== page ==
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Sudden Storms

November was a cold and snowy month, and depending on where you live, it was a record-breaker.  According to The Weather Channel, between November 17-21, Buffalo received 88 inches of snow.  While parts of the country were thawing and shoveling themselves out, Wall Street escaped unscathed, with stock prices up 2.45% in November (as measured by the S&P 500), the 8th month prices have closed higher.  January, July and September were the only months this year with negative returns.  In each instance, the fall-off in prices created an attractive entry point.  The age old adage “buy on the dips” proved a worthwhile investment approach.  Year to date, stock prices are up 13.98%, and unless something unexpected takes place in December, 2014 will be remembered as a lucrative year to have invested in the U.S. stock market.

The sudden storm that hit the East Coast the day before Thanksgiving didn’t seem like much, but it led to pockets of havoc between Maine and Florida.  Volumes of flights were cancelled with no capacity in the system to re-book travelers on acceptable flights.  Lost power led to many candle-lit dinners and in some instances, a return to a “rustic” lifestyle.  The disruption did not last long, but spending on Black Friday fell.  Bargain hunters spent about 10% less this year than last, and this was most likely a result of the weather.  In contrast, Cyber Monday saw sales leap 17% over last year, to over $2.0 billion, according to comScoreInc.  It looks to me as though the consumer is alive and well – whether in a mall, or online, the shopping will get done.  Online market share growth is irreversible and will ultimately lead to higher retail spending, due to the simplicity, comparative information and ever faster shipping – and just wait until drone delivery is available.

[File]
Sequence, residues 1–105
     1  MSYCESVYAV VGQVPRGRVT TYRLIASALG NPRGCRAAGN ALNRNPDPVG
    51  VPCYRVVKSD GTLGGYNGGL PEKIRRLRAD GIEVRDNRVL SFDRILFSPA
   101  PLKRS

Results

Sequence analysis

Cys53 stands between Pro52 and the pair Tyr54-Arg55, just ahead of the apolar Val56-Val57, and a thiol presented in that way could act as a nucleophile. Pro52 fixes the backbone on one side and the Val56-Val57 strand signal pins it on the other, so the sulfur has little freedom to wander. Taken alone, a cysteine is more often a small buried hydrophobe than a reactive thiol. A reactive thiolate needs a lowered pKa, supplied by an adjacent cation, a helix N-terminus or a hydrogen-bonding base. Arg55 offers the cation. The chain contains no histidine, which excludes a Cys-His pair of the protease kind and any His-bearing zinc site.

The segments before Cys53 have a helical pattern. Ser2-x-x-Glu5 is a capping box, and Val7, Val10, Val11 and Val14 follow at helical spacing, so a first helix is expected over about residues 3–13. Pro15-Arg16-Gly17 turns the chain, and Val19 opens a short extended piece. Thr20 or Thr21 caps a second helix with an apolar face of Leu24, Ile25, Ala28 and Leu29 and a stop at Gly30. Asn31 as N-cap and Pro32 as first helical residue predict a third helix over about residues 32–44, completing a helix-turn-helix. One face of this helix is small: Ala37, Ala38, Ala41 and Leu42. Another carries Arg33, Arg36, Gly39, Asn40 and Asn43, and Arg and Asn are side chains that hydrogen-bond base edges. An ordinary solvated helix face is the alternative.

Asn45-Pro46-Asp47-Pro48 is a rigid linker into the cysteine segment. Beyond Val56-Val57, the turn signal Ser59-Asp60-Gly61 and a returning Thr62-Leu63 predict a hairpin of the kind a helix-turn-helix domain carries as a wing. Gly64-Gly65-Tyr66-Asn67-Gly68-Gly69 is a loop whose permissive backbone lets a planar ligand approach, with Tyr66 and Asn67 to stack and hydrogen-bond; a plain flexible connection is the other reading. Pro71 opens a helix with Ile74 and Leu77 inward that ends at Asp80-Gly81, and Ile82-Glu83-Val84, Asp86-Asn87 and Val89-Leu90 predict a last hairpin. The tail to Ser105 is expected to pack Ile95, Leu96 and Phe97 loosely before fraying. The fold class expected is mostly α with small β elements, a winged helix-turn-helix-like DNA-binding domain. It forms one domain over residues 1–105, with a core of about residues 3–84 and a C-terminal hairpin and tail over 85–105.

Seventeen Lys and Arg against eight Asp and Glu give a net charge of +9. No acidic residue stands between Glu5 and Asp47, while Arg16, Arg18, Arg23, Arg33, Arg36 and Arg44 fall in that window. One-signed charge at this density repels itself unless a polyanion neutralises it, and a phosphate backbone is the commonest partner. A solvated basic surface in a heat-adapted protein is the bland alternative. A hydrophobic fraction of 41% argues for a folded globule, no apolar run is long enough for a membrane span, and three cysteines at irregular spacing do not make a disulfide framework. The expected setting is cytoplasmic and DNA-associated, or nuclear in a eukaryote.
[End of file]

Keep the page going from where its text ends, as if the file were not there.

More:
There is another storm taking place.  This one is in the oil patch, and it does not look like it will be resolved anytime soon.  Oil prices have been trending downward since June.  At the recent OPEC meeting, it was decided not to cut supply, and as intended, prices fell off a cliff.  Saudi Arabia appears to want to hold on to market share by pressuring marginal cost producers.  The advent of shale oil in the U.S., alternative energy sources and falling demand has made the U.S. more energy independent than any time since the mid 1900’s.  Of course, there are forces at play here.  Recent heavy handed acts by Russia and the importance of oil (US $) revenue to its economy cannot be underestimated.  For history buffs, considering Europe’s reliance on Russian oil and gas, there are unpleasant echoes of Neville Chamberlain and the Sudeten.  In my opinion, if you cast about for black swans, this is the place to look.

Closer to home, early November saw the Republicans take control of the Senate winning 10 of 13 races.  This storm, so to speak, may lead to more fiscal wrangling and political brinksmanship in Washington DC.  Important as this election was, according to the United States Election Project, this was the lowest voter turnout in over 70 years.   It’s hard to fathom the apathy in light of our desperate need for fiscal policy.  The Federal Reserve has largely used up its monetary tool box.  While the economy is growing, it’s in fits and starts.  Employment numbers have faltered.   Without good jobs and improving wages, we could easily see growth forecasts reverse, taking stock prices along for the ride.

No doubt, there is a lot to worry about and at some point there will be a shock to the markets.  At that time, the question will be whether it’s another buying opportunity in a trending market, or the time to pull in our horns and lower exposure to risky assets.  If the trend in the US economy falters, or cannot counter low growth in Europe and China, this too will be good cause for us to take a more conservative stance.  As I said last month, I think the expected return from all asset classes (stocks, fixed income, MLP’s and REIT’s) needs to be adjusted downward.  The upside is lower while the downside remains.  I expect reasonable returns, but I also think more caution is needed.

Best wishes to you and your family for a wonderful holiday season.  I hope you are healthy and safe with as many family and friends around you as you can possibly manage.  If we do not talk beforehand, have a happy new year and let’s hope the coming year is nothing less than a great one.

Bruce Hotaling, CFA

Managing Partner

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